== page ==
Just How Healthy Is the U.S. Housing Market?

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Aug. 19 (Bloomberg) -- Bank of America Merrill Lynch Senior U.S. Economist Michelle Meyer discusses the U.S. housing market on “Bloomberg Surveillance.” (Source: Bloomberg)

I think we have to remember when we think about the housing recovery, it is a gradual recovery.

We have two focus on the end result.

People living with parents, people doubling up.

What is the trajectory of household formation?

I am in the camp that household formation has been artificially depressed by the week pace of the recovery.

It is not a permanent slowdown.

We will ultimately see some rebound.

When that occurs, we have to build in order to accommodate the increase in households.

I think we will see a high trajectory of homebuilding, it is a function of the slow progress of the recovery.

Exogenous things and then the inside things, is the recovery of the last three years exogenous -- foreclosures, rich guys buying houses?

We are waiting for the normal housing recovery.

There's been a lot of special factors.

When you think about the initial stages of the recovery, it came very much from investors buying distressed properties.

People who purchase properties.

In order to see the real momentum build, you need to see the typical feedback loop, people have access to credit and they look to buy.

It is happening slowly.

This is the conundrum now.

While we wait for it to happen, here is existing home sales, right back to where they were five years ago.

The price of an existing house is near where it was in 2006. problem solved.

For the haves that took advantage.

The case-shiller price index is still off the high.

Never let the facts get in the way of a story.

What we were looking at was median home prices from national association of homebuilders.

There will be sampling skews and the fact that more of the homes are sold to higher end.

The case schiller index is an arms length transaction, probably a better read.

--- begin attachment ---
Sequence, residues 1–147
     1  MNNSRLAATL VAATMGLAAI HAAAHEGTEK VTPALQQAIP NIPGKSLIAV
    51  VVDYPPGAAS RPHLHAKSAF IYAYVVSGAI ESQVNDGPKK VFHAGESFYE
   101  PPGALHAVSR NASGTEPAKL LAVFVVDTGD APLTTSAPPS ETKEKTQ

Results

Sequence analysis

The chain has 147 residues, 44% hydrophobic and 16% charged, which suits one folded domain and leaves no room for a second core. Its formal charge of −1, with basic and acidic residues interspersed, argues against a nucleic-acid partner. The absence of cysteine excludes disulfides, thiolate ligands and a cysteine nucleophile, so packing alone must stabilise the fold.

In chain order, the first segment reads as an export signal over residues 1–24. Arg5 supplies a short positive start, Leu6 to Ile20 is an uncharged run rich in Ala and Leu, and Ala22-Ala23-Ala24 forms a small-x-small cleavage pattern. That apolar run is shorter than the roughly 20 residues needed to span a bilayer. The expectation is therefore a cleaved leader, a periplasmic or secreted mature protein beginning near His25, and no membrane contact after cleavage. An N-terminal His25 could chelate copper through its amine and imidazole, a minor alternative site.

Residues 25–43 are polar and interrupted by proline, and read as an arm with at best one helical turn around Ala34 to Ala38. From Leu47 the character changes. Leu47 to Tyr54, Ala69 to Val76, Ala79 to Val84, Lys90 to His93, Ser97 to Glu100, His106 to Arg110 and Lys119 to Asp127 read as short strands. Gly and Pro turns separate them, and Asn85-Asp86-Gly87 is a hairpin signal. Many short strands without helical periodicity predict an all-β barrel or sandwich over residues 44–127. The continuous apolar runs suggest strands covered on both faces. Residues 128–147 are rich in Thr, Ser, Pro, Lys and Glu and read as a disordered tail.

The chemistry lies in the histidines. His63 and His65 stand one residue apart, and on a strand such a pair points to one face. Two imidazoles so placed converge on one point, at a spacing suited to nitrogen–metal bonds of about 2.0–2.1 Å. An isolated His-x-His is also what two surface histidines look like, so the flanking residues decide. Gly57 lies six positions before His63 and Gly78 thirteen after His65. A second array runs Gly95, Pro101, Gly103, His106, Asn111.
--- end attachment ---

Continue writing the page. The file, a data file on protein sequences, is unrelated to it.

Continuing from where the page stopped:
Home prices have seen a pretty nice pop higher since those lows.

How big a presence are institutional investors in housing?

I they out for good, they have been pretty quiet, what would it take for them to get back in?

I think the reason institutional buying has calmed down, the share of distressed transactions has come down.

You do not have the same amount to purchase.

For institutional investors to buy properties to get into the market, it has to be the right type of purchase.

One where you can buy in bulk.

And that there is a rental market for those properties.

The endgame for a lot of these institutional investors is to buy distressed properties, renovate, and rent out for a period of time and get that return.

You are not seeing as many of those purchases.

Could they leave in exodus?

Ex-im -- good question.

Right now, there has been a conversion to ownership to rental from the institutional investors.

But what is the ultimate plan?

Either looking to sell the property once home prices get to a certain level.

We have heard anecdotally that a lot of investors are in it for the long-term and aca longer-term trajectory for rental.

To a fair extent, that makes sense.

Going back to the people now that are graduating college, 48 for a period of time, they will rent before they buy.

People will be in starter rentals before they buy.

Housing starts and building permits, over the past two months, each has declined.

This morning, we are expected to get a rebound.

Is this noise and we should try not to look at monthly data?

We should look at monthly data because it is high frequency.

Housing statistics on a monthly basis are incredibly noisy.

Looking at the three month moving average to get the trend.

Certain components, you can get swinging at 30% a month, it will likely be a payback.

There are a lot of special factors so you have to be careful.

What do you see as a sell side analyst, if you talk to them, is the kind of house we are going to buy in the future differently or are we just going back to 2004, 2005, we argued about the granite countertop.

People are making homes out of container ships.

It's cool.

You would know that.

Is it the same housing economy of 2004 and 2005, do we all want eight veterans and granite countertops -- eight veterans and granite -- eight bedrooms and granite countertops?

People still want nice appliances but there is a shift towards urbanization.

Maybe you can have a smaller property that is closer to the city center.

The big road for toll brothers is building apartments.

We see that right up lexington avenue.

The urbanization, a one-bedroom half-bath.

As we anticipate a federal reserve rate increase in 2015, what is your projection of the rent versus buy cancellation?

The idea of what is affordability look like.

I think that we have to make one assumption, if and when we get rate hikes, it will be in the environment when the economy is stronger.

Income growth is picking up.

The housing market should be able to handle that rise if it is coming with that stronger economy.

It also means greater confidence and will hope to allow for some greater lending.

That combination of events, if it happens in that respect, would be supported for housing.

If you get a rise in and straight -- if you get a rise in interest rates, it would be more troublesome.

In spring we had a huge rise in interest rates without larger growth.

It was problematic for the housing market.

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This text has been automatically generated. It may not be 100% accurate.


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